This divides sociology into four fairly distinct paradigm clusters. There is internal consistency under each paradigm, in terms of assumptions about individuals, groups, societies, goals of study and accepted forms of evidence. However, each cluster neglects, excludes or opposes some the insights generated under other paradigms. A ? Functionalist (Regulation-Objective): Societies are the coming together of populations with shared civic values who establish social order which on the whole benefits everybody.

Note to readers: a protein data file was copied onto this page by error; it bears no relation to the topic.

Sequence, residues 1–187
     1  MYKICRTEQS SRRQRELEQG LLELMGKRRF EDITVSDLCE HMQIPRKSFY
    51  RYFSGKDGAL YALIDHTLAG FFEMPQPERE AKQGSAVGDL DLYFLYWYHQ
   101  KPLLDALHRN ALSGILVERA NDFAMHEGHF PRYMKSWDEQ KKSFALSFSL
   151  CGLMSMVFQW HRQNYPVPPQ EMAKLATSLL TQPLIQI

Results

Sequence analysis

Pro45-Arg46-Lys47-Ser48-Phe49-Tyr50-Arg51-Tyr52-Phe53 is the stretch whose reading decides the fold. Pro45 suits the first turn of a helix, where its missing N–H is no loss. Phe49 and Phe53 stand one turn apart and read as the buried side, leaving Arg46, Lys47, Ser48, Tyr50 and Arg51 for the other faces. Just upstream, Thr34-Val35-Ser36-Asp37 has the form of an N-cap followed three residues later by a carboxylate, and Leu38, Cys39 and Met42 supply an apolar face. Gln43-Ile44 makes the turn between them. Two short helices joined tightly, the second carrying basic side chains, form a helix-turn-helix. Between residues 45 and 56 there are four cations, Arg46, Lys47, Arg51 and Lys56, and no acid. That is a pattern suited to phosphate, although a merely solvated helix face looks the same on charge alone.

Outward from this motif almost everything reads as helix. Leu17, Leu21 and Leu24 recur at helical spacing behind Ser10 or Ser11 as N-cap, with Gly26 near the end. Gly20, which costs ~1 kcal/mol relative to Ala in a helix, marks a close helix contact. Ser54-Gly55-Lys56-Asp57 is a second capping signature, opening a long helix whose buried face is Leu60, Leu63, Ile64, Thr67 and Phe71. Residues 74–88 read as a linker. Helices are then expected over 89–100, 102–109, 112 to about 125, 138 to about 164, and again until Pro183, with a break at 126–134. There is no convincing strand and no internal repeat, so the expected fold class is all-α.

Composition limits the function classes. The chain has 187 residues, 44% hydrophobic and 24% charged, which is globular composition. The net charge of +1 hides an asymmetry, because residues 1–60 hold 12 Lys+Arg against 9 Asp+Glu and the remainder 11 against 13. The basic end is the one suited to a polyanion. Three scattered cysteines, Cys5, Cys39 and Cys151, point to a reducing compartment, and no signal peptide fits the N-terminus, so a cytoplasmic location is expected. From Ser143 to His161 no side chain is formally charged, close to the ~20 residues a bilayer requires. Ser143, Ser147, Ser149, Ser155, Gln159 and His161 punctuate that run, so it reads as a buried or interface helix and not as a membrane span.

Just as the structuralisms were concerned with the structure of mental life, the functionalisms were concerned with the functions of mental processes and structures. Another way of viewing the difference between structuralism and functionalism is that structuralists believed that sensations are the basis elements of consciousness; study sensations through methods of inspection “looking within” (Wundt & Titchene); nonetheless, functionalism inspired by William James, believed that psychology should focus on the purpose and adaptive function of consciousness and also believed in practical results of the mental processes. Structuralism focused all of psychology on the experience of an observer. That is, structuralism was based on the notion that the task of psychology is to analyze consciousness into its basic elements and investigate how these elements are related (Hilgard, 1987; Thorne & Henley, 1997). Just as physicists were studying how matter is made up of basis particles, the structuralists wanted to identify and examine the fundamental components of conscious experience, for instance sensations, ideas, and images.